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Closing concert of Brussels Jazz Festival,
Flagey on Saturday 20th January 2018


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Following a variety of recent news stories about the Matthew Herbert’s Brexit Big Band project, the producer and composer Matthew Herbert felt he should respond.

“Most importantly, this is not an anti-Brexit project. This is a project that, having accepted Brexit will occur, attempts to work out what a new kind of relationship with our European neighbours may look like. That relationship I believe should be founded on respect, curiosity, creativity, empathy, collaboration and love. I am unclear which of those ideals are controversial.

This project is not simply one person’s vision or pet project; it has already had contributions from over 1000 people from here and from all over the world who think those values are worth nurturing.

One of the things I value most about this country is its tolerance for dissent and, having performed with my big band in places such as Syria, China and Russia, I feel like the project is representing some of the very best things about Britishness abroad whilst at the same time providing hundreds of people with jobs or income in the creative industries - one of Britain’s biggest and most respected exports.

Having recently successfully applied to the BPI for part of a grant to assist with exporting British music abroad, some of the musicians fees will be covered by this. None of it is a wage or money to me. According to the BPI website every £1 they invest brings a return of £10 so it is clear that they consider this an investment rather than a subsidy.

The state subsidises many things in this country, including a lot I don’t agree with: wars in the middle east, the arms trade, processed food manufacturers, giant American tech companies who avoid tax, the DUP, fossil fuel companies and so on. If parts of our democracy can’t cope with an industry body supporting musicians in trying to bring ideas of tolerance and hopefully even some joy to others then maybe we’re in worse shape than I thought.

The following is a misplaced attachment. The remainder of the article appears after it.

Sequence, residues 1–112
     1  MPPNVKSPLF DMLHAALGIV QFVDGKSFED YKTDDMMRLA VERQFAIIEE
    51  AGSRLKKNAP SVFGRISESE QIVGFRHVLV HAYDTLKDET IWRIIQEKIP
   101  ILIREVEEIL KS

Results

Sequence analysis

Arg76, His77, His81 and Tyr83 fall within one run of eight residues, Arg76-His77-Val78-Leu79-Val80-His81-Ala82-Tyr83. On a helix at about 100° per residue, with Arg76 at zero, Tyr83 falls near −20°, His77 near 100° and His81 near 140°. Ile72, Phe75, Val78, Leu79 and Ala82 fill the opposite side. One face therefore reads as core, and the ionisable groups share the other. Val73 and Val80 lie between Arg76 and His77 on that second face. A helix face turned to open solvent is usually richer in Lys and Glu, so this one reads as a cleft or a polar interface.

I reserve my democratic right to hold the government accountable in public and to propose an alternative comment that reflects what I believe to be important British values such as inclusiveness and kindness. I created this project to be part of the conversation with ourselves and with Europe about what it means to be British post-Brexit. This and any plan should aim to bring people of all identities and beliefs with it. I reject the forced distinction between Remainers and Leavers, and all are welcome to contribute or be part of the show. It’s up to others whether they wish to be part of this expression of common values or not.”

Matthew Herbert, November 2017

In addition, The Matthew Herbert Brexit Big Band has been confirmed to play the closing concert for Brussels Jazz Festival at leading cultural house Flagey on Saturday 20th January 2018.

Featuring the Matthew Herbert Brexit Choir and the compelling voice of Rahel Debebe-Dessalegne, a new round of shows will follow in Germany, Greece, Poland, Portugal, Spain and Sweden.

Since the announcement of Matthew Herbert’s third big band album - his first in nine years, the producer, composer, sonic explorer and world traveller has taken his acclaimed big band and choir on the road in a large scale and emotional response to Brexit touring North Sea Jazz Festival (Rotterdam), Middelheim Jazz Festival (Antwerp), Barbican Hall (London), Blue Note (Tokyo) and Montreux Jazz Festival (Tokyo).

The two year collaborative project right across Europe celebrates artistic and musical collaboration across national borders. It began when Theresa May triggered article 50 and finishes with an album in 2019 when Britain leaves the EU. The album will be recorded across every country in Europe with musicians and singers in dialogue with some of Matthew’s band, the end result aiming for more than 1,000 professional and amateur performers having contributed to the recording.  

The show, which is billed as something between a mini festival, political rally, a broadway musical, a rave and a farewell party has received widespread acclaim from audiences and critics alike for its dexterity and uninhibited celebration of creativity. It will culminate in a dramatic Final Farewell Concert at a prime central London location in March 2019.

“What brought the audience cheering to its feet at the end … was the metaphor for human solidarity presented by all those joyous musicians”
4/5 The Telegraph

“A composer-cum showman who has an undeniable talent for breaking down the barriers
between performers and listeners”
The Times

“A paean to multiculturalism”
Evening Standard

“A shared feeling of delirium and affection...the compositions in their current state teeter between the dramatic moodiness of Bernard Herrmann and the looseness of Sun Ra”

“Despite the controversy that’s sure to surround the performances, there’s no denying Herbert has stepped out on a limb in a way others haven’t...the show makes Brexit fun, moving and occasionally even funny”

“A tangible demonstration of the joy of cross-border collaboration...If there’s an exemplary and enjoyable way to voice a pro-EU message, then Matthew Herbert really has found it”

Loud & Quiet

The Matthew Herbert Brexit Big Band Artist statement on BPI Funding and Brussels show announced

The Matthew Herbert (Brexit) Big Band
21 November 2017